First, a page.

Bachus Calls On Secretary Geithner to Focus on Producing Economic Certainty
September 22, 2010 -
- Financial Services Committee Ranking Member Spencer Bachus made the following statement during a full committee hearing on "The State of the International Financial System, Including International Regulatory Issues Relevant to the Implementation of the Dodd-Frank Act."
"America is the largest economy in the world, larger than our four next competitors. We got there through choice, competition, and freedom...not by the government running everything.
"A famous investor once said, ‘I can make money no matter what the rules are. I just need to know the rules.' In the wake of this recession - which was brought on by Wall Street excess and government incompetence - the American people have not asked for a bailout or special favors or for more government programs, and they certainly have not been clamoring for higher taxes. They have asked for two things: for the government to stop making things worse, and for some semblance of economic certainty. They need to know what the rules are.
"Instead, what they have been given is a bloated bureaucracy, more government control, and still more uncertainty. In response to the greatest financial crisis this country has witnessed since the Great Depression, our colleagues on the other side of the aisle decided that the answer was not to identify the causes and fix them or to identify where government and the regulators failed. No, they decided that the solution was to draft a 2,300 pages of legislation directing the same regulatory agencies that missed the crisis to come up with literally hundreds of new Federal regulations; and empower a new generation of bureaucrats to exercise command and control over the economy for years to come.
"With the recent release of proposed international capital standards by the Basel Committee in Switzerland, yet another element of uncertainty has been added to the regulatory mix. We can all agree that banks in the U.S. and overseas held insufficient capital to withstand the financial panic that struck the global economy in late 2008. Indeed, I pointed out when Secretary Paulson first unveiled the original TARP proposal that the major challenge the banks were facing at that time was a shortage of capital, not a toxic asset problem. "But higher capital standards alone will not provide the stability our financial system requires to support a full economic recovery and the prosperity our citizens need and demand. Over reliance on increased capital involves a trade-off that every Member of this Committee needs to consider. Higher capital standards means less credit, and less credit means fewer jobs and less economic growth. We need to be sure that the standards we adopt really do make the financial system more resilient without needlessly sacrificing even more jobs. But on something as important as this, the Administration has failed once again to give Americans the certainty they need.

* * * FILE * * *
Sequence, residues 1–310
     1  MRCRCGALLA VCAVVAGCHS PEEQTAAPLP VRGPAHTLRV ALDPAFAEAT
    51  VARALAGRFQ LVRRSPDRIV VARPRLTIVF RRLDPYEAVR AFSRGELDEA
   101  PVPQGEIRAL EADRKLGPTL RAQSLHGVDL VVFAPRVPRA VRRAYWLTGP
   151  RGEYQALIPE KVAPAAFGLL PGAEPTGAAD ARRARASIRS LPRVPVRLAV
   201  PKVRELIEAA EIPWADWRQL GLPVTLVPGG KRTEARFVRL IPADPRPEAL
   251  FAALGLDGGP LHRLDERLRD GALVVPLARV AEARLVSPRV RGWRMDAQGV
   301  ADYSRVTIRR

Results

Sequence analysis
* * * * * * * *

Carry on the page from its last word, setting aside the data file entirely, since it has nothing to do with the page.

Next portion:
"We don't know how much new capital our banks will need to raise. We don't know how many loans they will call in to meet these standards. We don't know how many businesses and consumers will be denied credit so that banks can comply with Basel III. And the reason we don't know is that we're still trying to figure out how the Administration is going to implement the new standards, and how those new standards will interact with Dodd-Frank. Until these questions are answered, it is impossible to say whether the Basel process will yield a more sustainable global banking system, or instead, serve as yet another obstacle to economic recovery.
"Because this is likely to be the last opportunity this Committee has to hear from Secretary Geithner in this Congress, I hope that he can provide some of the certainty that our markets, our businesses, and our citizens are demanding, and that our country so desperately needs."